Paul Greengard

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Greengard, Paul,

1925–, American neuroscientist, b. New York City, Ph.D. Johns Hopkins, 1953. Greengard was on the staff at Geigy Research Laboratories (1959–67) and a professor at the Albert Einstein College of Medicine (1961–70) and Yale (1968–83). In 1983 he became a professor at Rockefeller Univ. Greengard shared the 2000 Nobel Prize in Physiology or Medicine with Arvid CarlssonCarlsson, Arvid,
1923–, Swedish pharmacologist, grad. Univ. of Lund, Sweden, (M.D., Ph.D., 1951). Carlsson was a professor at the Univ. of Lund (1951–59) and at the Univ. of Gothenburg, Sweden (1959–89).
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 and Eric KandelKandel, Eric Richard,
1929–, American neurobiologist, b., Vienna, Austria, M.D. New York Univ., 1956. Kandel was at the Harvard Medical School (1960–65) and New York Univ. (1965–74) before joining the faculty at Columbia in 1974.
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 for their discoveries concerning signal transduction in the nervous system. Greengard's contribution to the work was his discovery of the mechanism by which dopaminedopamine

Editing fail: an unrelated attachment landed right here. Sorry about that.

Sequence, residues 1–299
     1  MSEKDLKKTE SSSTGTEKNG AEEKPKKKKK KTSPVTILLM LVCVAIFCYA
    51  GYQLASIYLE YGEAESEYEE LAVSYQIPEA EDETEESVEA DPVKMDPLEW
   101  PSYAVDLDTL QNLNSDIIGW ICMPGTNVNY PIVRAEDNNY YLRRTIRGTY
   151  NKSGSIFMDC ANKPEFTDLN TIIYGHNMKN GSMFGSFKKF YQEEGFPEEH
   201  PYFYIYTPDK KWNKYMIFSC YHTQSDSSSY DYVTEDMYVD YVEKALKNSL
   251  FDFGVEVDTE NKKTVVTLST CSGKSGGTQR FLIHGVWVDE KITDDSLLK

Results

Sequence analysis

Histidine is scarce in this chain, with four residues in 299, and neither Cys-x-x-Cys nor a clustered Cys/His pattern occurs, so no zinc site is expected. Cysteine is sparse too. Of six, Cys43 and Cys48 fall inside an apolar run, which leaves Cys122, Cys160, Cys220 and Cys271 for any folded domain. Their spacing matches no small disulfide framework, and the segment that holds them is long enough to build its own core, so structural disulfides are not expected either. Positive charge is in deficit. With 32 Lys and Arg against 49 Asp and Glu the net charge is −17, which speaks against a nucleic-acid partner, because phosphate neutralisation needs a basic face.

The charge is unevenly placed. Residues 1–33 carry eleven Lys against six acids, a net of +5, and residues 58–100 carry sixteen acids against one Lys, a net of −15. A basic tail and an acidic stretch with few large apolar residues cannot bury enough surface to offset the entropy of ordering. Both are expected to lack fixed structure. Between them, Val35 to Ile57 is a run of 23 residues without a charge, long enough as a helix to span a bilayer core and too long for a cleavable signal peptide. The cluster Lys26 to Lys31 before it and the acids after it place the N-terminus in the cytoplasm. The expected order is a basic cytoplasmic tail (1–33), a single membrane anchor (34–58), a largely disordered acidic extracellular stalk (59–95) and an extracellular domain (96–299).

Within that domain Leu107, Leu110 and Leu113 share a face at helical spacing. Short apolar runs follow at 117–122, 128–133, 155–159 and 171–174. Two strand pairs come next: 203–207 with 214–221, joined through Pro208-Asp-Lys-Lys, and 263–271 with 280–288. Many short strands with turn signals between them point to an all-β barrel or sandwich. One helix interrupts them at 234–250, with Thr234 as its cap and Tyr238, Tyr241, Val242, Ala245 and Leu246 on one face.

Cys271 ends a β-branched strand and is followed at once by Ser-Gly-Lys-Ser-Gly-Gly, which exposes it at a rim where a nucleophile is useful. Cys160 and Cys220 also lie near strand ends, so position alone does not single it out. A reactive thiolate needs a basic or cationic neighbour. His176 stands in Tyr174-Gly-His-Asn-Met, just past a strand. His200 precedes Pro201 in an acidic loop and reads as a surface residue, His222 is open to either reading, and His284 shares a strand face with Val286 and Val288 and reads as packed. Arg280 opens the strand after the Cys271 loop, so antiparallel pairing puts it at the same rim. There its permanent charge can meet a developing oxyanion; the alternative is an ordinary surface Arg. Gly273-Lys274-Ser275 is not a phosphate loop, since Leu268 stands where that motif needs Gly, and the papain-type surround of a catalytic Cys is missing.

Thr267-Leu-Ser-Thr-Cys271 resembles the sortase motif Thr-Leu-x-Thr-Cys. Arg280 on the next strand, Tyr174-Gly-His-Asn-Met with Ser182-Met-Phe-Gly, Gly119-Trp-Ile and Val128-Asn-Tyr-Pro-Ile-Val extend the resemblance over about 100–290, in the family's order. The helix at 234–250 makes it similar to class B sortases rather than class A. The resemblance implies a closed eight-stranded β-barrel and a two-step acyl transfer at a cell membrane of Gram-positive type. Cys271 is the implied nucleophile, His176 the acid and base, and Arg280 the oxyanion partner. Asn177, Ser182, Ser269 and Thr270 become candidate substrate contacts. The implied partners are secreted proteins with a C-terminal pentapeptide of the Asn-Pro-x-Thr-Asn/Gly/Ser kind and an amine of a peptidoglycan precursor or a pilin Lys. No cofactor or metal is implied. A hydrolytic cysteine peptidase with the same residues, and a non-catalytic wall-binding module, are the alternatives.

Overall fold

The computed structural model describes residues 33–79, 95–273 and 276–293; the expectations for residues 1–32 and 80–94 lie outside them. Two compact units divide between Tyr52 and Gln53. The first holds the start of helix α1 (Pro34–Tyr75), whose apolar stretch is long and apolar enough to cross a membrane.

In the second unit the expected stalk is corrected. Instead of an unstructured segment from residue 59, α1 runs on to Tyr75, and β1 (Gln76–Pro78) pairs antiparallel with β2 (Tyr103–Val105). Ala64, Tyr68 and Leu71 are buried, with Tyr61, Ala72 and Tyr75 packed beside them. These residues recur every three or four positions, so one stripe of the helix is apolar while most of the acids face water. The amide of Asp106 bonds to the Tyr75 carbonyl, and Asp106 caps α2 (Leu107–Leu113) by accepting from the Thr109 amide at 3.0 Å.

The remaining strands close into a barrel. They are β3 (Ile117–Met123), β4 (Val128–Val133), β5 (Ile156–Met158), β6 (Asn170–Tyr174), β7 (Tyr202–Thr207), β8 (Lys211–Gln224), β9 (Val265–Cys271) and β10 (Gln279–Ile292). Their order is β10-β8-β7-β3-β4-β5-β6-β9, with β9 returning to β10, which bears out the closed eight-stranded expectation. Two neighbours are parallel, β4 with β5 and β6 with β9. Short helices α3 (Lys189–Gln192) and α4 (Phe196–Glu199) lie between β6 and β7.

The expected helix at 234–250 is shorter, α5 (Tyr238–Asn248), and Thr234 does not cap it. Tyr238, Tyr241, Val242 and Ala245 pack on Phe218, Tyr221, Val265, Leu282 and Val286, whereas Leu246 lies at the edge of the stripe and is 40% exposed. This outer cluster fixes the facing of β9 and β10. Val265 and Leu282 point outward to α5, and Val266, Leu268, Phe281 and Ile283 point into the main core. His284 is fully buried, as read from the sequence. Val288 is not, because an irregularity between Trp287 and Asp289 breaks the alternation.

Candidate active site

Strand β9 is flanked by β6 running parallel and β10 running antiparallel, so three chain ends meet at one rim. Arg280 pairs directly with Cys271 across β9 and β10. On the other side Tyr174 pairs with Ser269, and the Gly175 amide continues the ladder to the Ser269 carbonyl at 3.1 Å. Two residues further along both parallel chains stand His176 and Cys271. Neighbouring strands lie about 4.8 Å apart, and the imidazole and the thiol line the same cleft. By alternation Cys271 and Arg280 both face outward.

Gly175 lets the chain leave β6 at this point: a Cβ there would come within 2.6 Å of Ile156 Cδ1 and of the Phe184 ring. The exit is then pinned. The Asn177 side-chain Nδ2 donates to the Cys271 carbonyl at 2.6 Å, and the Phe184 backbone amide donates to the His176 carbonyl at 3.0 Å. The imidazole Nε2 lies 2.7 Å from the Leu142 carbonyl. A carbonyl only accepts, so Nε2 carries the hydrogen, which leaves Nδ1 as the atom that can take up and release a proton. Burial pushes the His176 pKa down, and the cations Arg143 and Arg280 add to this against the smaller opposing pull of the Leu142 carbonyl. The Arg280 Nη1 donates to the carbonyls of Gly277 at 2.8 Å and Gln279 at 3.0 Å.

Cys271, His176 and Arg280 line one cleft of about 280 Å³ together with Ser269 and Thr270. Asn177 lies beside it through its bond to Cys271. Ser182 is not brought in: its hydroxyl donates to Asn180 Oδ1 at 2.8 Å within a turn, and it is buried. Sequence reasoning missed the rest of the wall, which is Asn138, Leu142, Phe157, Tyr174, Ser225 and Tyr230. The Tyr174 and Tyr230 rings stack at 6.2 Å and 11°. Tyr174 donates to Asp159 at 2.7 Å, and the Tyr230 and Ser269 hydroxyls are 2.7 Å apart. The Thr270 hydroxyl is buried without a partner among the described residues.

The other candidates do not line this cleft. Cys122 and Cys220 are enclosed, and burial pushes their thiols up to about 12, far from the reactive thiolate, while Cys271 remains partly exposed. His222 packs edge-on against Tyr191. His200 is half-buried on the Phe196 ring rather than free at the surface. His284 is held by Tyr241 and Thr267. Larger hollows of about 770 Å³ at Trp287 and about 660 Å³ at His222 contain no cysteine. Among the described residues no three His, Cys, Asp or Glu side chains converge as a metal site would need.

, one of the intermediate substances in the biosynthesis of epinephrine and norepinephrine. See catecholamine.
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 and several other neurotransmittersneurotransmitter,
chemical that transmits information across the junction (synapse) that separates one nerve cell (neuron) from another nerve cell or a muscle. Neurotransmitters are stored in the nerve cell's bulbous end (axon).
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 carry messages between nerve cells. His findings contributed to an improved understanding of how several drugs work in the body.